# nLab jointly epimorphic family

## Definition

Given an object $X$ in some category, a family $(f_i\colon U_i \to X)_i$ of morphisms to $X$ is an epic sink, or a jointly epic family if, given any two morphisms $g, h\colon X \to Y$ such that $g \circ f_i= h\circ f_i$ for all $i$, it follows that $g = h$.

Dually, a family $(f_i\colon X \to U_i)_i$ of morphisms from $X$ is a monic source, or a jointly monic family if, given any two morphisms $g, h\colon Y \to X$ such that $f_i \circ g = f_i \circ h$ for all $i$, it follows that $g = h$.

Sometimes we are interested only in small families of morphisms, but if so then it is best to say so explicitly.

A single morphism $U \to X$ is an epimorphism if and only it forms an epic sink by itself; conversely, a sink $(f_i\colon U_i \to X)_i$ is epic iff the induced map $\coprod_i U_i \to X$ is an epimorphism, assuming that the coproduct $\coprod_i U_i$ exists. (Note, though, that for a large family of morphisms, this coproduct might not exist even if the category has all small coproducts.) Dual results hold for monomorphisms and products.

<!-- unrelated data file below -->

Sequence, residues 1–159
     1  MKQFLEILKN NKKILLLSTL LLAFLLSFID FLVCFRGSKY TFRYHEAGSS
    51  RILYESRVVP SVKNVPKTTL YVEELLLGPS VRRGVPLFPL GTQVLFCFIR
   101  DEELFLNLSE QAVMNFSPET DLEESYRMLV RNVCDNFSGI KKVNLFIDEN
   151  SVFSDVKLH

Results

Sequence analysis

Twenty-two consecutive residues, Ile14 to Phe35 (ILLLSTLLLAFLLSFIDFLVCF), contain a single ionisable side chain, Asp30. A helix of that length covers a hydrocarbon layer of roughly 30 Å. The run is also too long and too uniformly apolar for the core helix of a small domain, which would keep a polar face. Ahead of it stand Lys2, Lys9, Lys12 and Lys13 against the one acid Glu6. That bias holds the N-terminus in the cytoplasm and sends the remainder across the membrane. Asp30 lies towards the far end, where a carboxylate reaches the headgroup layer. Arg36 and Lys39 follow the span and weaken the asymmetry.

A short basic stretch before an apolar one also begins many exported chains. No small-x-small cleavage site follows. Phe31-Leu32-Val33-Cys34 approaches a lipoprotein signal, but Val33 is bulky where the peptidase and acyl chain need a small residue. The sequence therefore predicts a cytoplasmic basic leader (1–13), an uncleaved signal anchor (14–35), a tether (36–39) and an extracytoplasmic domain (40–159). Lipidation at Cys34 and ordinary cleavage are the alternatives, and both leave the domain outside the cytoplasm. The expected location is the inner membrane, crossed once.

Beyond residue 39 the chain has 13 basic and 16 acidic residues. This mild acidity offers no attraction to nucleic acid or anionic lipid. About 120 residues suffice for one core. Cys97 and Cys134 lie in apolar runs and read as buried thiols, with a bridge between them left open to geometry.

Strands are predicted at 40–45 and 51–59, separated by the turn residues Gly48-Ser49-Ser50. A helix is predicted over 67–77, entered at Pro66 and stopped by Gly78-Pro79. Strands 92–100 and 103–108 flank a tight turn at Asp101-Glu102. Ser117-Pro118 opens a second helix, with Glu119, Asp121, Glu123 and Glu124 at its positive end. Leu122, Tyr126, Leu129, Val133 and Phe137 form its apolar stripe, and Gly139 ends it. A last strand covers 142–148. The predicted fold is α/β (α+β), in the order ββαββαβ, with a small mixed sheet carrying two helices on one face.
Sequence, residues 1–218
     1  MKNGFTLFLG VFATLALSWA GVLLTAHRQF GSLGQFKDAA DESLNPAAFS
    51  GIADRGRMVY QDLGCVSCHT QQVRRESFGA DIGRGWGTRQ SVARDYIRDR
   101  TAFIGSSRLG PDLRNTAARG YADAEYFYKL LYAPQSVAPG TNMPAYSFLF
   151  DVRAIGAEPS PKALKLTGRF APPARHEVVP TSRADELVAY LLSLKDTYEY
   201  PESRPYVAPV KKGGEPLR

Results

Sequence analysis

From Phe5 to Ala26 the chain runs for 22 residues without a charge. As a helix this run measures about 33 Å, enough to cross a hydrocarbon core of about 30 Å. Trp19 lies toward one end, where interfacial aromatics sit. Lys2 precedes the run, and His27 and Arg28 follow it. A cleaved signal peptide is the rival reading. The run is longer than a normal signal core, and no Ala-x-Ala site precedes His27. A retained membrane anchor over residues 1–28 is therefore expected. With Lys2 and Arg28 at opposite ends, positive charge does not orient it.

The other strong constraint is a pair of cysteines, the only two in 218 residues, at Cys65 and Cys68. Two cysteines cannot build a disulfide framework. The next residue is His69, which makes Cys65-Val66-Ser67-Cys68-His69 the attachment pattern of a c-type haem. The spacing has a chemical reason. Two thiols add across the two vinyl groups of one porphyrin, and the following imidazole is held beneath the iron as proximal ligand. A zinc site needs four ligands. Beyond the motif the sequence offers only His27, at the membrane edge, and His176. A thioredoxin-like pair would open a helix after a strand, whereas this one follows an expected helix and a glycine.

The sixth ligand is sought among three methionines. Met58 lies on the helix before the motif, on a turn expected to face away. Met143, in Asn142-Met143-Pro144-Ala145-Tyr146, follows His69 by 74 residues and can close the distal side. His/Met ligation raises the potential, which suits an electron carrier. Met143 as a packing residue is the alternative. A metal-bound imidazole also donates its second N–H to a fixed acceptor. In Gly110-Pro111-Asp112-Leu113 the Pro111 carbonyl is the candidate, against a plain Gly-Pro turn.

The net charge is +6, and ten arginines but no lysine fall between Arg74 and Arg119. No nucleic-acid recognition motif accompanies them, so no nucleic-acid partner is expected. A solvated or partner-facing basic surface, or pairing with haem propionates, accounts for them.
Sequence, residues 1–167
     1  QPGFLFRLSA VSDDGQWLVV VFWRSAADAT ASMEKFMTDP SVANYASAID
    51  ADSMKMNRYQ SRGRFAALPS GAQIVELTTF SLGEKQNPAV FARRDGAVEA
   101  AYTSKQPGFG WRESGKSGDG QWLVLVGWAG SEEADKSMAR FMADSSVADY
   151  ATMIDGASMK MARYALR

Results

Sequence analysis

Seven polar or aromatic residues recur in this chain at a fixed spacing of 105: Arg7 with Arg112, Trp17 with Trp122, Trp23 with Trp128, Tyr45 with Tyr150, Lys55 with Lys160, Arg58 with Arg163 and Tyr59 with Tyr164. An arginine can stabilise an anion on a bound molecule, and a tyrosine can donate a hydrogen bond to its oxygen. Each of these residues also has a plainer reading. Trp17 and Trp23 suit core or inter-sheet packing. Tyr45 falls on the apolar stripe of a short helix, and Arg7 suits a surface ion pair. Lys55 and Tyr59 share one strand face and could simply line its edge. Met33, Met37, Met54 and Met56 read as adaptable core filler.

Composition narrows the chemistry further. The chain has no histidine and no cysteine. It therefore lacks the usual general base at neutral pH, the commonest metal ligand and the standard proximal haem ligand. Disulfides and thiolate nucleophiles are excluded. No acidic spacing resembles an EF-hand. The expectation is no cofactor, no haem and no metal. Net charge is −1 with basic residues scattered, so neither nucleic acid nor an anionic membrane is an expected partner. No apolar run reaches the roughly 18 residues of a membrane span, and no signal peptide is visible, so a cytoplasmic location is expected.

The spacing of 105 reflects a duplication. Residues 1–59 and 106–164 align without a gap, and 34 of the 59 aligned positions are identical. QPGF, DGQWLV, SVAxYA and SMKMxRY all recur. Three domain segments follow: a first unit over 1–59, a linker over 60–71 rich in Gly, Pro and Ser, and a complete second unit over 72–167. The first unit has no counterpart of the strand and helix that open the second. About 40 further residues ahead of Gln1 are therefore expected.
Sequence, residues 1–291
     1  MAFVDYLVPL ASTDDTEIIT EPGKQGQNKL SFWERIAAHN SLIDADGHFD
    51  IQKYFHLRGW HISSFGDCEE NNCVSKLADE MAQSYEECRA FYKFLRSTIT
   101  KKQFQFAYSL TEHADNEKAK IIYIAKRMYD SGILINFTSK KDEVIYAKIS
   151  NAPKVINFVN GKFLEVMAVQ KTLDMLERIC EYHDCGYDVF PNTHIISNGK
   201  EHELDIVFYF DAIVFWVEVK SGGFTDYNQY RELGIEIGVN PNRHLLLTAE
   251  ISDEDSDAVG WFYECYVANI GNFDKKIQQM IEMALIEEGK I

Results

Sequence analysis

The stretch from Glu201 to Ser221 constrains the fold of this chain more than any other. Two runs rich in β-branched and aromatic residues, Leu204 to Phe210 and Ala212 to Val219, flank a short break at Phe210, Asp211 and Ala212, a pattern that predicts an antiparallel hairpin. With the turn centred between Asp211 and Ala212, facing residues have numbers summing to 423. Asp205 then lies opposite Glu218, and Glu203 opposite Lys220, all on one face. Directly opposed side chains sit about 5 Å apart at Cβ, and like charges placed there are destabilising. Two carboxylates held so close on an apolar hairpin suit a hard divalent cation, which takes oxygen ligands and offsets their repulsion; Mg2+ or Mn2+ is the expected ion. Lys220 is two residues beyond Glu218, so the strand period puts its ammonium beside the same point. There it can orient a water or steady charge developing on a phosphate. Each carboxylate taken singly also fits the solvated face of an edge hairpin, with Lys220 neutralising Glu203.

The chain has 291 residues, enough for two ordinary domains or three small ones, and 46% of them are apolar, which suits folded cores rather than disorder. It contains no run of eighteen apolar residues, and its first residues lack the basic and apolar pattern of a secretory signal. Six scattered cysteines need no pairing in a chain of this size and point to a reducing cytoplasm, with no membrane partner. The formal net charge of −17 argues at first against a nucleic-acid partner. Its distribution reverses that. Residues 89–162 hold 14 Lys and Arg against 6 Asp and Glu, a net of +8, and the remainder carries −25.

Finally, the empty family of morphisms with domain $X$ is a monic source iff $X$ is a subterminal object (and dually).

## Examples

If a functor $F \colon J \to C$ has a colimit $\mathrm{colim}F$, with maps $\iota_i \colon F i \to \mathrm{colim}F$ for $i \in J$, then the family $(\iota_i)_{i \in J}$ is jointly epic. Similarly, the maps $(\pi_i \colon \mathrm{lim}F \to F i)_{i\in J}$ are jointly monic, when the limit exists.

Last revised on May 27, 2021 at 09:27:58. See the history of this page for a list of all contributions to it.